Thursday 20 November 2003
Pathology (anomalies of neuronal migration) (Exemples)
periventricular cortical heterotopia
Neuronal migration and axonal targeting
Neuronal migration and axonal growth are crucial for generating the elaborate synaptic circuitry that is characteristic of the nervous system. In both invertebrates and vertebrates, immature neurons migrate along dorso-ventral and antero-posterior routes in the developing central nervous system, and in higher vertebrates neurons migrate in a unique radial pattern, primarily along GLIA, to form the cerebral cortex.
Cell migration is a three-step process that consists of leading-edge extension, nuclear translocation into the leading edge (nucleokinesis), and retraction of the trailing process; several lines of evidence place the centrosome at different steps in the process, and these roles are highlighted by the perturbation of nucleokinesis by mutations in centrosome-associated proteins.
It has been suggested that the centrosome determines the direction of migration by placing itself in front of the nucleus, facing the direction of movement from which microtubules emanate to project into the leading edge.
However, in Dictyostelium discoideum the centrosome adopts its position after the new PSEUDOPOD has formed. To achieve movement, D. discoideum forms numerous pseudopodia, but only the projection that is anchored by a centrosome survives, whereas the remainder are retracted; this indicates that the centrosome might in fact stabilize one pseudopod, thereby influencing the direction of movement.
It is possible that the sequence of events that lead to pseudopod elongation differs between D. discoideum and vertebrates, although this issue has not been addressed fully in vivo in mammals. What is clear, however, is that centrosomal function is crucial to cell motility across phyla.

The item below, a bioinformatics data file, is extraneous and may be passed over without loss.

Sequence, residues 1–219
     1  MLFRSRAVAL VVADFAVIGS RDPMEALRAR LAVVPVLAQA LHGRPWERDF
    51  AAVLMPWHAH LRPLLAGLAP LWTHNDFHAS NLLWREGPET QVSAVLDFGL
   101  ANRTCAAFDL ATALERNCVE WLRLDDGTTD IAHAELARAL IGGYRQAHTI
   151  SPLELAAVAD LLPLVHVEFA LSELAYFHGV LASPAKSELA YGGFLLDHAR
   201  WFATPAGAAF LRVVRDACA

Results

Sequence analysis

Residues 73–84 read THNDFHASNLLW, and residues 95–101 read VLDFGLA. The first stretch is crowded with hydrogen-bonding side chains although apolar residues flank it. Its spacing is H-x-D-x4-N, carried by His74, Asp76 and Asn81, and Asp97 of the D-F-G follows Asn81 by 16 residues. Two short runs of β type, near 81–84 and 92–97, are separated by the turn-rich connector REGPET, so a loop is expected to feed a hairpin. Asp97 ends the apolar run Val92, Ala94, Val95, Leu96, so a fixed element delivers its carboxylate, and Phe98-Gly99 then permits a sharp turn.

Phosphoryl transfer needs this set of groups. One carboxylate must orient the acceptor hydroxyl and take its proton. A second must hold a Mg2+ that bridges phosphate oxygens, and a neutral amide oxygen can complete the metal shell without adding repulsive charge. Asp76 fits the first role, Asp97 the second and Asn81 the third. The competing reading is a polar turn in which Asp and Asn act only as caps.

Once the direction of migra-tion is determined, the centrosome is necessary for nucleokinesis, and the study of several human cortical dysplasias has highlighted the importance of the centrosome and its associated proteins during this step (See also: lissencephaly).
Kerjan G, Gleeson JG. Genetic mechanisms underlying abnormal neuronal migration in classical lissencephaly. Trends Genet. 2007 Dec;23(12):623-30. PMID: 17997185
Guerrini R, Filippi T. Neuronal migration disorders, genetics, and epileptogenesis. J Child Neurol. 2005 Apr;20(4):287-99. PMID: 15921228
Badano JL, Teslovich TM, Katsanis N. The centrosome in human genetic disease. Nat Rev Genet. 2005 Mar;6(3):194-205. PMID: 15738963
Kato M, Dobyns WB. Lissencephaly and the molecular basis of neuronal migration. Hum Mol Genet. 2003 Apr 2 ;12(Suppl 1) :R89-96. PMID : 12668601
Tear G. Neuronal guidance. A genetic perspective. Trends Genet. 1999 Mar;15(3):113-8. PMID: 10203809